***Marriage is not a happy-making contract!***
Besides being predicated on a sociologically proven false premise–i.e. cheaters only cheat when they are unhappy in their marriages (see Dr. Shirley Glass’ book in RESOURCES)–it is premised on a faulty and ungodly understanding of marriage.
God does not tell us to only honor our marriage covenants as long as our spouse makes us happy. He warns us to honor our marriage covenants and keep the marriage bed pure with no reference to our state of happiness or unhappiness in that relationship.
Give honor to marriage, and remain faithful to one another in marriage. God will surely judge people who are immoral and those who commit adultery. -Hebrews 13:4, NLT
Maybe I am missing something here, but where in this verse (or the whole Bible for that matter) is the warning to faithful spouses to keep their partners happy or God will let their spouses cheat on them? The Bible I read does not contain such a warning.
But perhaps all those “wise” pastors and Christian leaders asking about “what was missing” in the infidelity violated marriage see something in Hebrews 13:4 that I am missing?
Reducing a marriage to a happy-making contract dehumanizes both parties. Such an understanding of marriage essentially states that the only reason one is married is to extract happiness from the other. As soon as such happiness is no longer a gain, then the relationship is over. The other spouse is no longer person but rather a means to an ends–i.e. someone being used to get personal happiness.
This is a horribly pagan and heathen notion.
Christian marriage is to mirror Christ’s relationship with the Church (e.g. Ephesians 5:23ff):
What if Jesus approached that covenant as a happiness-making contract?
If He did, I doubt He would have gone to the Cross.
You see, crucifixion is a real buzz-kill to personal happiness. I am told they had to invent a word to capture how incredibly painful such a death was–i.e. “excruciating.” Yet Jesus did that in order to win His Bride and glorify His Father.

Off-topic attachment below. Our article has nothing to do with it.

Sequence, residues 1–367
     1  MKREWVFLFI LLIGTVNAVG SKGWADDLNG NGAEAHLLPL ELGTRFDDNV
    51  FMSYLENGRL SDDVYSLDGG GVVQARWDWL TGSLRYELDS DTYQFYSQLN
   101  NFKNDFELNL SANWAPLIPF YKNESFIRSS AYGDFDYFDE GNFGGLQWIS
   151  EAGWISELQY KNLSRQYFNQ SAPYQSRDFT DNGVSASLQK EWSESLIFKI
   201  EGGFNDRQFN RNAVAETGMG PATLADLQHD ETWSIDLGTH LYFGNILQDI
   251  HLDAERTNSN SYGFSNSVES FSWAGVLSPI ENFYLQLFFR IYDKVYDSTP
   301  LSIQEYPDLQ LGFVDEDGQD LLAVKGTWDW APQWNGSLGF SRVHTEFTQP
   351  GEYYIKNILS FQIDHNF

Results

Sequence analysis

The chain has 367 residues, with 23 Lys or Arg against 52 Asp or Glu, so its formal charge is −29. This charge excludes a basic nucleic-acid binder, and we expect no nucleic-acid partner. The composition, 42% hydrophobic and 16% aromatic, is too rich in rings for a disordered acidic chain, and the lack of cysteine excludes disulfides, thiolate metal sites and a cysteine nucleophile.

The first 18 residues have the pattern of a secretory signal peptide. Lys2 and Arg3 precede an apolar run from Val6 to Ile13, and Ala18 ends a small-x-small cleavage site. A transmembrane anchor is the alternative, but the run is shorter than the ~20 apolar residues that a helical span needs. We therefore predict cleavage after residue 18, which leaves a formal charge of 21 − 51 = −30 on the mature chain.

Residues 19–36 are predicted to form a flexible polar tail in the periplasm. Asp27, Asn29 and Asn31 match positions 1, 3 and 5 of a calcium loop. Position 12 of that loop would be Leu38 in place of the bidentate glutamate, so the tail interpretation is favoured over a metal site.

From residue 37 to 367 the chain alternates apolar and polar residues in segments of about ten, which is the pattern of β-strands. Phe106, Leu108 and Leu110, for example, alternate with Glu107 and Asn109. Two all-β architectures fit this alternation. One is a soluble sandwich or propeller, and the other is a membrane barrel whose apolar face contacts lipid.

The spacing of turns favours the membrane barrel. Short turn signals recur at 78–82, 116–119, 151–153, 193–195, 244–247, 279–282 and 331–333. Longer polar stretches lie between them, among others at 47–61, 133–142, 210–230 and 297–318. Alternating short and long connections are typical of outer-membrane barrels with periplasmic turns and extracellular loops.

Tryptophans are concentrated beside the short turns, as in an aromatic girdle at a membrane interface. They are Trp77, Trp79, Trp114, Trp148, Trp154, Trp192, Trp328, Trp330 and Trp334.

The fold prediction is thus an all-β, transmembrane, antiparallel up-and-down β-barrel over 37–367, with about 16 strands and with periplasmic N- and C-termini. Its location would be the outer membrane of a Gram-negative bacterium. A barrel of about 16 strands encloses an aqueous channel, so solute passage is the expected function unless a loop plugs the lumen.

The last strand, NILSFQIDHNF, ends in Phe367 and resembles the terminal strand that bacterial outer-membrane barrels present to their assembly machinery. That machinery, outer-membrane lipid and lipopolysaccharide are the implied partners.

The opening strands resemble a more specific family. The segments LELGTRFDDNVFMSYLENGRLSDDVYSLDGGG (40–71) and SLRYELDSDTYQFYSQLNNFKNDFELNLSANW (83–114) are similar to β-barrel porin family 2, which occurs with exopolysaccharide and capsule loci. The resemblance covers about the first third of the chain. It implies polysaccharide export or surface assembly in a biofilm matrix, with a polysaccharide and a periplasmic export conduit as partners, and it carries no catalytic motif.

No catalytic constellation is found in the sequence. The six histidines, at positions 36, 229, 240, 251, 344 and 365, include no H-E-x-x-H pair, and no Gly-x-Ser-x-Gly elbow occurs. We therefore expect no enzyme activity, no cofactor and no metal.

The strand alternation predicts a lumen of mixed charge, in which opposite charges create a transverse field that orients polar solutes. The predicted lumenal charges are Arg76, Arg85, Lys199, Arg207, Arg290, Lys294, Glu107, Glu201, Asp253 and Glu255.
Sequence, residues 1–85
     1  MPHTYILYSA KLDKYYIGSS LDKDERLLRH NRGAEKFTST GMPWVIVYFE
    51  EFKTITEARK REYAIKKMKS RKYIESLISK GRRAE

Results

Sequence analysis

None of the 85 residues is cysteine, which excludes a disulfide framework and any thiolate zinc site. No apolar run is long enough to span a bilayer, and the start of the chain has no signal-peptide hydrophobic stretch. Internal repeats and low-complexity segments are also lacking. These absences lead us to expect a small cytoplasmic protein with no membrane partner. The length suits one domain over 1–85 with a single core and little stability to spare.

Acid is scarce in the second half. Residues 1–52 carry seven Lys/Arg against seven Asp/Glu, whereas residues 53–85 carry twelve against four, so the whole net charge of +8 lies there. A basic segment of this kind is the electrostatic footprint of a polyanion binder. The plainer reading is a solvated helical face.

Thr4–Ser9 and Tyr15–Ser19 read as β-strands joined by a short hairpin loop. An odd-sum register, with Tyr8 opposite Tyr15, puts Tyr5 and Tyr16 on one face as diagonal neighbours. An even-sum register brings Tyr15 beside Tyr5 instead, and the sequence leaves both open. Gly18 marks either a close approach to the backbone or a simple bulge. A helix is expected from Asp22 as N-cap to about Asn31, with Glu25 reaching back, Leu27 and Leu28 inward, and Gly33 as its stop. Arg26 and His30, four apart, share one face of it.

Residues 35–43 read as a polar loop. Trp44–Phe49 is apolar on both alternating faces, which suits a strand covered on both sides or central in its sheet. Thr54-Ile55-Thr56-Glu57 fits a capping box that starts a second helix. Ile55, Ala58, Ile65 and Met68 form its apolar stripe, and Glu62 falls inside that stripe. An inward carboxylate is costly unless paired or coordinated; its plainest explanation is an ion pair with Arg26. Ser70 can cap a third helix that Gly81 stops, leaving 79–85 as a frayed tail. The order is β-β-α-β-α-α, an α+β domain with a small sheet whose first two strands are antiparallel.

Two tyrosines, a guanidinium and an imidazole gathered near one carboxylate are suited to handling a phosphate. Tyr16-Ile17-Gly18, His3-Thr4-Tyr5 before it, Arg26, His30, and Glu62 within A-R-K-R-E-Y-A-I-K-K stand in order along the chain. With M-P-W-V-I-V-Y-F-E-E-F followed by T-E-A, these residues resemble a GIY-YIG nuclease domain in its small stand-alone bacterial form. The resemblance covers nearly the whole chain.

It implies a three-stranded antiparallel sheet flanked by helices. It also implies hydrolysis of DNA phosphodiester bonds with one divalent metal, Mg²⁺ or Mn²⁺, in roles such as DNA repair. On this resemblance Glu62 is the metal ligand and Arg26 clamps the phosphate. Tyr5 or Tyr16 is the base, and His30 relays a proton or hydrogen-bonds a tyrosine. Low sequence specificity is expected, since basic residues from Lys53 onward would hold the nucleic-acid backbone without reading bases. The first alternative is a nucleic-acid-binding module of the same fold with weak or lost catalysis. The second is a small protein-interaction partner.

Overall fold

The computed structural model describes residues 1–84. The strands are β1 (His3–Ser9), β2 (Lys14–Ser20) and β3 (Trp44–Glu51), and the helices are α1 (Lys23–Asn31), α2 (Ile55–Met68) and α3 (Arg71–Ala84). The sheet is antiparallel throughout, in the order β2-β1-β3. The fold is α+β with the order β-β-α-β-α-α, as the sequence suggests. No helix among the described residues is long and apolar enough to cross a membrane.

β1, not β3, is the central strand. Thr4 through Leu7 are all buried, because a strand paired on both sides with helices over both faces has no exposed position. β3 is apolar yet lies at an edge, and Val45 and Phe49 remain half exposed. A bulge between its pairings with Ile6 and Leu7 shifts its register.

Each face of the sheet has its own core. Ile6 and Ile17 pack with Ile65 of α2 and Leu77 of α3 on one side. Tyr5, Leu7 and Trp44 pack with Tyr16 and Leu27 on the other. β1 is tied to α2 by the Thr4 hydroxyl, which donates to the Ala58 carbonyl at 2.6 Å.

Please do not get me wrong: I hope every marriage is full of happy moments and memories. However, I am troubled by a Christian world that blindly accepts the “happy-making contract” concept of marriage and reinforces such a concept when dealing with infidelity.
God has a much higher view of such relationships. He gave us marriage as a picture of His deep and abiding commitment to His people. A commitment that prioritized the relationship over the personal pain of even God’s Only Begotten Son.
Christian marriage is not reducible to a happiness equation.
This means the happiness or unhappiness is not the primary focus here for godly marriage. The primary focus is upon keeping the covenant–aka commitments–made to each other before God and each other on the wedding day.
It is not that I think God is uninterested in our happiness. But that is not what He teaches us as the primary area of focus in honoring marriage. The primary focus is upon keeping the marriage covenant and not violating it as a cheater does. And only the person choosing to violate the marriage by committing adultery has the power to choose otherwise.
Instead of asking why the cheater is unhappy, a more constructive question to ask is what made him or her think it was okay to disobey God’s clear teaching against cheating. That is the real issue from a biblical standpoint. A cheater needs to dig down internally to deal with what led to his or her open defiance of God.